Back to Ask the Diabetes Team Ask the Diabetes Team

From Devon, England:

My 11 year old daughter has had typeá1 diabetes for two years. Over the last year, she has struggled to control her sugar levels usually about 20 mmol/L [360 mg/dl], and her insulin dosage has increased (now 54 units in the morning and 35 units in the evening). Our local consultant resulted in a comment that she may be insulin resistant. I am know in a state of panic trying to understand what this means in terms of her health outlook. All references to "insulin resistance" tends to point to patients about to or already have type 2 diabetes. Could you please shed some light on this?


Ninety units is quite a lot of insulin. Some thoughts to consider:

  1. Who is giving the insulin? Are you sure she gets every dose? (If I offend, it comes from 25 years and several thousand children with diabetes, it happens.)
  2. How much does she weigh? Significant obesity does cause insulin resistance.
  3. We see typeá2 more and more in kids. Does your family have type 2 diabetes in it? If she is overweight, it could be type 1 and type 2 together. I am convinced we can see that.
  4. Where is she in puberty? Puberty causes some insulin resistance because of the hormones.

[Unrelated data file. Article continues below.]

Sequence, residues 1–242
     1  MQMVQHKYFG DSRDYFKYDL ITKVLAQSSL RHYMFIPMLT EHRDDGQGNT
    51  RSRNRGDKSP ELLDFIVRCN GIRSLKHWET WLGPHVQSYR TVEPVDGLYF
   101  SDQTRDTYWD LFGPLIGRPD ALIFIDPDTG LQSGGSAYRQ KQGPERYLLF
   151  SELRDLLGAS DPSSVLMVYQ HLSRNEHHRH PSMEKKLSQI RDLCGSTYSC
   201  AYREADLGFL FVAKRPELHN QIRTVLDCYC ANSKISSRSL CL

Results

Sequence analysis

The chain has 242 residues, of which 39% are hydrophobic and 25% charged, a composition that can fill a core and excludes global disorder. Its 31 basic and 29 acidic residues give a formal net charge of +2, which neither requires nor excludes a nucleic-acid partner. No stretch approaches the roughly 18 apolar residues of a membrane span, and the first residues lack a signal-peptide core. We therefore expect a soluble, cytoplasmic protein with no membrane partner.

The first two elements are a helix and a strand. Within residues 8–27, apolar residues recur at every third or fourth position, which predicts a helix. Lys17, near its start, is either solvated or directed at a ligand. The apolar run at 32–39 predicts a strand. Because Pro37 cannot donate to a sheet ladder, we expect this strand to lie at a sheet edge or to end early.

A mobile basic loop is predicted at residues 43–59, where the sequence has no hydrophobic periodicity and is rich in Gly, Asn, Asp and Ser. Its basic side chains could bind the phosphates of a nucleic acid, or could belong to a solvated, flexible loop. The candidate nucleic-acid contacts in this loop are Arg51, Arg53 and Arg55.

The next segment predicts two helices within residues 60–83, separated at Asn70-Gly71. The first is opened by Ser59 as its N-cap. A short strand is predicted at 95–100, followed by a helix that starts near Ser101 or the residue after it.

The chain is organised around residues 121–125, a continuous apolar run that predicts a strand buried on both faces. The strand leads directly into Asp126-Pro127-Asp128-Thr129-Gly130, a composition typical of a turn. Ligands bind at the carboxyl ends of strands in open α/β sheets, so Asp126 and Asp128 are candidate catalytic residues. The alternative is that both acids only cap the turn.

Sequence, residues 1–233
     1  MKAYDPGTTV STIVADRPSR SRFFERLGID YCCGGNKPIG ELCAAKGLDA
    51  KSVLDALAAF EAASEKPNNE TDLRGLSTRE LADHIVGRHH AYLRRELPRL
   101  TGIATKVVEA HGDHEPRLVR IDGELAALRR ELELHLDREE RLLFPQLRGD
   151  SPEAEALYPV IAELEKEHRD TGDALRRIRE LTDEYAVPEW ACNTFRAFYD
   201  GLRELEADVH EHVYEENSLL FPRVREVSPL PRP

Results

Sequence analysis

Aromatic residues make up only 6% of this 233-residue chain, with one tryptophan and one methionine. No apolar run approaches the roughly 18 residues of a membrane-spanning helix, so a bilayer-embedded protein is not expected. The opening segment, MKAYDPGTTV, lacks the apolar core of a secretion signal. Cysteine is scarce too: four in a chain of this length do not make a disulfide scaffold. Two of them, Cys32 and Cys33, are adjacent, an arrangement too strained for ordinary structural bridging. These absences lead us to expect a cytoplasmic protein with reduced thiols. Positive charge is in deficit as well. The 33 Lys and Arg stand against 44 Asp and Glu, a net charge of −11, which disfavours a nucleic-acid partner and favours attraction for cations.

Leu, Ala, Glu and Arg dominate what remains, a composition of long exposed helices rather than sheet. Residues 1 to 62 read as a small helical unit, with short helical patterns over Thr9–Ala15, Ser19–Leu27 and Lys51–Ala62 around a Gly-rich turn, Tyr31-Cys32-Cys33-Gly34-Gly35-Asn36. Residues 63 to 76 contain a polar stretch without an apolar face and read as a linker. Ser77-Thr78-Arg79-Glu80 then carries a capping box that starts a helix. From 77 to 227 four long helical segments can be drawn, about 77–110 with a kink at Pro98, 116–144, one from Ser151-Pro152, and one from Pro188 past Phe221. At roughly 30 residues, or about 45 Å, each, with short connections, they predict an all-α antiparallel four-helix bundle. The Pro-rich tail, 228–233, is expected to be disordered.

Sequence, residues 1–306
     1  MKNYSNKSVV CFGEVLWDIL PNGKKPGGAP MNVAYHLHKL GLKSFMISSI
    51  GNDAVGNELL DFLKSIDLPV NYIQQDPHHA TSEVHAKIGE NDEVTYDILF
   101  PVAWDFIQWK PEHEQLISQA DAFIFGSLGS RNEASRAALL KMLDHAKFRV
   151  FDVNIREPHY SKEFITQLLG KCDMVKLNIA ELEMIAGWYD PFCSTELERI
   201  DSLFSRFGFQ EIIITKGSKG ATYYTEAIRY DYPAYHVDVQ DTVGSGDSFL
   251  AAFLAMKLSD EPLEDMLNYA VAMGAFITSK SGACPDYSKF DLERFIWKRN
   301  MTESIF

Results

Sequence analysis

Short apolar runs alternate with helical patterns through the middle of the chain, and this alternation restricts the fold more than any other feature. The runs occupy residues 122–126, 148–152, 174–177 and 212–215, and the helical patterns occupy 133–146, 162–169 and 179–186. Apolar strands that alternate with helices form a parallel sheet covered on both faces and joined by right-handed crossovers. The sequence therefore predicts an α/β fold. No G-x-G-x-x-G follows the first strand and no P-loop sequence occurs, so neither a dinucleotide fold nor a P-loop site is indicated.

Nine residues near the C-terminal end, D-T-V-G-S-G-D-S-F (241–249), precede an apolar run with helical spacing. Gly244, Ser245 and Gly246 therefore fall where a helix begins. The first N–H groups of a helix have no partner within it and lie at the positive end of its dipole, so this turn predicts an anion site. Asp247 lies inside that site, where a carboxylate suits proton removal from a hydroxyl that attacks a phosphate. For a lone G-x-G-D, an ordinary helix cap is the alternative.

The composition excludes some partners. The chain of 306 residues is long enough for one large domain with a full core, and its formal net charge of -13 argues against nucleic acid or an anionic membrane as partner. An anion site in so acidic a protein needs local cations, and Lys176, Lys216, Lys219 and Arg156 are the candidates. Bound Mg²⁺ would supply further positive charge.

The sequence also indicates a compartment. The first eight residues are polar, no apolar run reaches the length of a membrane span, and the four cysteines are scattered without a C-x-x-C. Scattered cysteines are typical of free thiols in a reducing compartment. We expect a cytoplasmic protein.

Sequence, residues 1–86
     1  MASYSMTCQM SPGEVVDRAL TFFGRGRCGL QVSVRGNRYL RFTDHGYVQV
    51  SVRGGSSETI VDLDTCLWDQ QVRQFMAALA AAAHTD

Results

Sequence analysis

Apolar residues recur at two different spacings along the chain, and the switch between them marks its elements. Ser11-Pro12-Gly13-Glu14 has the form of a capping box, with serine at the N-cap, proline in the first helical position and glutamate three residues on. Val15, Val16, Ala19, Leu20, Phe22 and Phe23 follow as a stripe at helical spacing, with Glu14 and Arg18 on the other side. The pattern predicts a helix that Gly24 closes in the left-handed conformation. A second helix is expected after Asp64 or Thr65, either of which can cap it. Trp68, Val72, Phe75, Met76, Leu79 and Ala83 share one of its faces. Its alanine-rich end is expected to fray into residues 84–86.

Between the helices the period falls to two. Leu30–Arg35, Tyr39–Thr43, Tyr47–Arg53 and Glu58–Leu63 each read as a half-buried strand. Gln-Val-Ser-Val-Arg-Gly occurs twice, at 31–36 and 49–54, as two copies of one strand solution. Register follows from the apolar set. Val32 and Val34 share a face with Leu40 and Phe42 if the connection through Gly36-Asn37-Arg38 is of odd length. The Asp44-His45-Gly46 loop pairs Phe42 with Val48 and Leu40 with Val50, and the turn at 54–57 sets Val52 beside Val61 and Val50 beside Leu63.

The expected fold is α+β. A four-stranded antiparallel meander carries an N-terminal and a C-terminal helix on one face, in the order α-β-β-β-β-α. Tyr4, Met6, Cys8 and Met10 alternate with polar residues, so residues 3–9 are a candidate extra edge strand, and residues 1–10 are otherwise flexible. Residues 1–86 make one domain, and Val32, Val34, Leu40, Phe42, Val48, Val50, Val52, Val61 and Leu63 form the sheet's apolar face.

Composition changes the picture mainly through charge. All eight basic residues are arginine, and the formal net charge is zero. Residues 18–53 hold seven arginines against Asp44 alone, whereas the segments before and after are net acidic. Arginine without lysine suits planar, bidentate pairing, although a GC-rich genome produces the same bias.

All that said, you have to control the diabetes. Keep it up.


Original posting 28 Feb 2001
Posted to Daily Care


  Home Return to Top

Last Updated: Tuesday April 06, 2010 15:09:18
This Internet site provides information of a general nature and is designed for educational purposes only. If you have any concerns about your own health or the health of your child, you should always consult with a physician or other health care professional.

This site is published by T-1 Today, Inc. (d/b/a Children with Diabetes), a 501c3 not-for-profit organization, which is responsible for its contents.
By using this site, you agree to our Terms of Use, Legal Notice, and Privacy Policy.
© Children with Diabetes, Inc. 1995-2015. Comments and Feedback.